My take – Dolphins’ (not the sea mammals) will protect the Delaware Memorial Bridge

Delaware River and Bay Authority photo

A January 2023 press release from the Delaware River and Bay Authority did not get a whole lot of attention at the time.

The DRBA announced it had obtained federal funding for dolphin cells. The $22 million in funding from the feds cleared the way for the more than $90 million project, which is now slated for completion in 2025.

The project had been in the works for years and had its share of political challenges. After all, no one wanted to pay more to cross a bridge. Also, governors of the two states had to sign off on higher tolls needed to pay for the cells and other projects, and there was some resistance on the New Jersey side.

The price tag might have seemed extravagant at the time, but commissioners and staff had their reasons for putting the project in a hefty capital budget.

River and Bay Authority engineers had been worried after a late 1960s collision in which a small tanker hit a barrier around the bridge supports. Since then, cargo ships have grown larger.


The DRBA’s decision has earned praise in government and maritime circles after a container ship tragically lost propulsion and took out the Francis Scott Key Bridge, claiming several lives and closing the busy harbor. In light of the recent tragedy, it isn’t hard to picture a massive ship heading downriver, losing propulsion, and striking one of the supports.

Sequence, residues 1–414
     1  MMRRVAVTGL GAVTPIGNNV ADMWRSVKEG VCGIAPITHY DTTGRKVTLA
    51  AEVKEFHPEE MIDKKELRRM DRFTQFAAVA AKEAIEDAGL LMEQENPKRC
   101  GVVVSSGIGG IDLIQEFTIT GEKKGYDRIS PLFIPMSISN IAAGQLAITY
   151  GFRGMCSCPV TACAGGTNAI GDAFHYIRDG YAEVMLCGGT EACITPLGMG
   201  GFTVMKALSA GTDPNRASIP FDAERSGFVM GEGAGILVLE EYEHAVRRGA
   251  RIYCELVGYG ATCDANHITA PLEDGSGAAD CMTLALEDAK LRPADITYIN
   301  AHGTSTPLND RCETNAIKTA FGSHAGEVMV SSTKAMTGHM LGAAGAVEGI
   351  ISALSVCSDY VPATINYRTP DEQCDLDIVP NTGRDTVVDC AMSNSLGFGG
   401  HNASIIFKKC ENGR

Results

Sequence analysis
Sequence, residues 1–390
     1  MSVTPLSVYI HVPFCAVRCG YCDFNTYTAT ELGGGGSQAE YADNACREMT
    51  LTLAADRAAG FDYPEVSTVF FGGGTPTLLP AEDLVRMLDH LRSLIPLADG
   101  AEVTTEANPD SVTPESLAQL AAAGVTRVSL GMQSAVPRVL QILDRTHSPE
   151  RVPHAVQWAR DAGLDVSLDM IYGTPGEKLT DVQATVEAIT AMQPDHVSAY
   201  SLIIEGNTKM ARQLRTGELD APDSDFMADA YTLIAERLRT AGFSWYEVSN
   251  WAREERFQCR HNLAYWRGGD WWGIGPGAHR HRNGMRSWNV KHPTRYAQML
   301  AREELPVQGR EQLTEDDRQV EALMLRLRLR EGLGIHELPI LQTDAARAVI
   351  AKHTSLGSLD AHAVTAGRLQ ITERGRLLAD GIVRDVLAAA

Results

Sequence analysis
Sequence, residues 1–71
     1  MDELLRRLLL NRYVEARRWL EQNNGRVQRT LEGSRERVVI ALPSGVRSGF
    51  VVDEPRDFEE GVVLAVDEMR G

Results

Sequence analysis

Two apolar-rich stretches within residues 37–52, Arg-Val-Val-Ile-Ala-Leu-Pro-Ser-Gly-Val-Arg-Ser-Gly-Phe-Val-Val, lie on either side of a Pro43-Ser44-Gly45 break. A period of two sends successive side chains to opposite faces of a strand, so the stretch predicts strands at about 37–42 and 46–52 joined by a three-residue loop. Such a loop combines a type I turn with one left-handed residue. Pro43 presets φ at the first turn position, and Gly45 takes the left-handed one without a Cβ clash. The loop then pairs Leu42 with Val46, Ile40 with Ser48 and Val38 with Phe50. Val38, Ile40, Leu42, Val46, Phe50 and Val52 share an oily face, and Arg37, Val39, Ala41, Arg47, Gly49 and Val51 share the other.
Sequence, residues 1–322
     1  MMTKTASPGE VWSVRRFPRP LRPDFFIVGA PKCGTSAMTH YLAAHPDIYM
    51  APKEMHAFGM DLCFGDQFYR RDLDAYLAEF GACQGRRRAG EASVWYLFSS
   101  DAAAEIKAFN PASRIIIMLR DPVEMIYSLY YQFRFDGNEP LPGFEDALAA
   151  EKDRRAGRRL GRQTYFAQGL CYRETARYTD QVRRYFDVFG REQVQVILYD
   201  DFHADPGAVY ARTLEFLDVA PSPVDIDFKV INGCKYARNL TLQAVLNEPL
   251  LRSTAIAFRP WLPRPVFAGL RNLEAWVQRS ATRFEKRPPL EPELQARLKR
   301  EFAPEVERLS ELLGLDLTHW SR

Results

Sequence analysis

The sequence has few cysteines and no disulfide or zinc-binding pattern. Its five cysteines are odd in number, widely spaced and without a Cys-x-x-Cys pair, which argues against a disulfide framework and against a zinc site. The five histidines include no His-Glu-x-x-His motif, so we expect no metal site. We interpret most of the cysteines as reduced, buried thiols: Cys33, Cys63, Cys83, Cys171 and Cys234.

Would dolphin cells or a similar system have saved the Key Bridge?

It’s hard to say. As a recent Maritime Executive editorial highlighting the actions in Maryland and the DRBA noted, the channel under the Key Bridge is narrow and would have become even more crowded and might have added to navigation hazards.

At the same time, it’s hard to understand why Maryland’s transportation establishment did not take the threat more seriously. As the Maritime Executive piece noted, the Sunshine Skyway collision collapse was a more recent reminder of the potential for a catastrophe.

Whatever the case, DBRA staff and commissioners deserve the accolades they receive, although everyone wishes the recognition was not the result of a tragedy that took lives and will temporarily leave many jobless.

It’s also a reminder that work on improving and strengthening an aging and neglected infrastructure is far from done.

Meanwhile, Delaware Online reported today that the top regional official for Wilmington port operator Enstructure reported a doubling of business as shippers cope with the Baltimore shutdown. – Doug Rainey, chief content officer.